Following in the family footsteps
AFTER undertaking a degree in commerce and a post-graduate certificate in professional legal studies, Laura Carter has embarked on qualifications in embalming which will enhance her role as a funeral director.
In conversations with new people, the 24-yearold said they are often surprised by her career choice as the manager of Shakespeare Funerals.
“Usually they say that it’s really interesting,” she said.
“And I have to agree. No two days are the same. You never know what’s going to happen.”
Although she never
24-year-old Laura Carter admits many people are surprised when she tells them she is a funeral director. PHOTO: WENDY MERRICK/FILE knows what each day will bring, Miss Carter is more than familiar with her surroundings.
She knows about all aspects of the business, from making funeral arrangements to client relations – even stonemasonry which she learned from a very young age.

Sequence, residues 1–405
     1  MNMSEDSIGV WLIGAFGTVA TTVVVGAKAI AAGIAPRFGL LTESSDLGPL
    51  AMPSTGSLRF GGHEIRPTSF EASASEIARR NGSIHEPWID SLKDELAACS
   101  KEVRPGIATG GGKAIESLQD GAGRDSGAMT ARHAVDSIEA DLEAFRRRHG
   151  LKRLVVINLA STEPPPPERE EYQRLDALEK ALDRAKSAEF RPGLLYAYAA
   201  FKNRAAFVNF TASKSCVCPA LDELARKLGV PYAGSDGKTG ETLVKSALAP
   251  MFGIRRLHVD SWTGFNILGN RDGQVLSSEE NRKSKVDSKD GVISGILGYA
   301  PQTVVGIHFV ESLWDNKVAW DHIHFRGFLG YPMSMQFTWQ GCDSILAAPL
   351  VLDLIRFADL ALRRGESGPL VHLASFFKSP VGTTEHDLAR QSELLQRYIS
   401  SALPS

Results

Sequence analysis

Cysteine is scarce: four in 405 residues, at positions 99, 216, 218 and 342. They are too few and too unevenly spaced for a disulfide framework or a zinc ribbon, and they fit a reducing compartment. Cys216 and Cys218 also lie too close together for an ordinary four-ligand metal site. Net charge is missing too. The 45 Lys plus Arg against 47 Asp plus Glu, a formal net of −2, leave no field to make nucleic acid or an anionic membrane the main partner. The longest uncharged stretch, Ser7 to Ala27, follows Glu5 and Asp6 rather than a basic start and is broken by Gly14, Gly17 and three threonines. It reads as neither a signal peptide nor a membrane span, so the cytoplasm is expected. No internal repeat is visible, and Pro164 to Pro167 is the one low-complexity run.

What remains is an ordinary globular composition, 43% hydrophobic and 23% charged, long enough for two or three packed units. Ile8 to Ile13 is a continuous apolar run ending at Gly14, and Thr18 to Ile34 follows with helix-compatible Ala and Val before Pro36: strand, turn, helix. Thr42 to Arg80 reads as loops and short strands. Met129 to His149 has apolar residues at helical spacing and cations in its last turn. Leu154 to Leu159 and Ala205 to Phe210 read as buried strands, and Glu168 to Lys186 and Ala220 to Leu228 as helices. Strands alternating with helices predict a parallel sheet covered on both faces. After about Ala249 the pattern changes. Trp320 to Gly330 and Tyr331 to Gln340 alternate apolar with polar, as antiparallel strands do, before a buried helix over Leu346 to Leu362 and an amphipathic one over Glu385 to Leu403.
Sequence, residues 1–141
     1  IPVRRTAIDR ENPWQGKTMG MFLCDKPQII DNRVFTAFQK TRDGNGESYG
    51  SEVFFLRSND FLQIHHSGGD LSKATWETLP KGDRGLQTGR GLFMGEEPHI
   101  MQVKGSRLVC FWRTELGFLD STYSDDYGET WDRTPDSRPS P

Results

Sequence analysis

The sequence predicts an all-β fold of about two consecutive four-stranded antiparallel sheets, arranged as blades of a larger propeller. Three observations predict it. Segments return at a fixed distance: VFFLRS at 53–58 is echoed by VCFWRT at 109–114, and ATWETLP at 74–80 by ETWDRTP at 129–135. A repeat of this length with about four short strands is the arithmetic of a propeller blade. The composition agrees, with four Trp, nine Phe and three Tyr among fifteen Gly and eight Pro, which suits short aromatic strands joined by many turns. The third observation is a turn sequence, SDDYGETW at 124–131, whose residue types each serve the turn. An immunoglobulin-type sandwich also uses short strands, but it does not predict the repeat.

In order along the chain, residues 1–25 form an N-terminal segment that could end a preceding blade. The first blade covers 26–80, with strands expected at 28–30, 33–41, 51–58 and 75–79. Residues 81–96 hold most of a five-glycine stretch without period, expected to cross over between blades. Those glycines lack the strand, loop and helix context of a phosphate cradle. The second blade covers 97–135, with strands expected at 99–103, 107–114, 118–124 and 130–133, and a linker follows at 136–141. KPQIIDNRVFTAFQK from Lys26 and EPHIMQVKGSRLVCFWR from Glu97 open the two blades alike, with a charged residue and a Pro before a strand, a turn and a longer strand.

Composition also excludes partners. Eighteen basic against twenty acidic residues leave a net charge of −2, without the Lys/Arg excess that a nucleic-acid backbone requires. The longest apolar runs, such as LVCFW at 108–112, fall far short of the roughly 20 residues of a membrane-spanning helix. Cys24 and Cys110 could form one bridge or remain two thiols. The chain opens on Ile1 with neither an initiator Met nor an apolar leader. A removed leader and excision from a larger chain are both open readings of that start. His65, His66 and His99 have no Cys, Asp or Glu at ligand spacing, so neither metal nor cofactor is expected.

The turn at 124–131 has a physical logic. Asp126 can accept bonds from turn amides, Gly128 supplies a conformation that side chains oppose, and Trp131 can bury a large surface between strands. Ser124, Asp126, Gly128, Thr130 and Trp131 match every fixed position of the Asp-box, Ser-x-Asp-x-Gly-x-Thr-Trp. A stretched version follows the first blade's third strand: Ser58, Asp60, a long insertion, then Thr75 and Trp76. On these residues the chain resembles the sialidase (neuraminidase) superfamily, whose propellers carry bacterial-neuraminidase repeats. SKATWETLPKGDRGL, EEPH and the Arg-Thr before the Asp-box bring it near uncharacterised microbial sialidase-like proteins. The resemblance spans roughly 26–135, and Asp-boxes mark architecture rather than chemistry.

“Mum and Dad bought Gilgandra Funerals when I was just 12 months old,” she told Dubbo Photo
“Before I went to school, I was concreting!”
Miss Carter’s parents Paul and Barbara also own W Larcombe and Son Funerals, H Logue and Sons, Russell Everingham Funerals and Gilgandra Funerals.
While she toyed with the idea of becoming a pilot or a chef, her instinct was to follow in her family’s footsteps.
“I always thought that one day I would take over; that one day I would come back here.
“I have grown up doing it, it’s second nature. It was always something that I wanted to do. And studying embalming is really interesting and will only widen what I can do.”
While Miss Carter admits that being a funeral director can be personally challenging, it is also very uplifting.
“It can be an emotionally difficult industry. But that’s what makes it the most rewarding, being able to help families through the most difficult time in their lives. And we do genuinely care about our clients.
“The littlest thing you do can mean the most,” she said.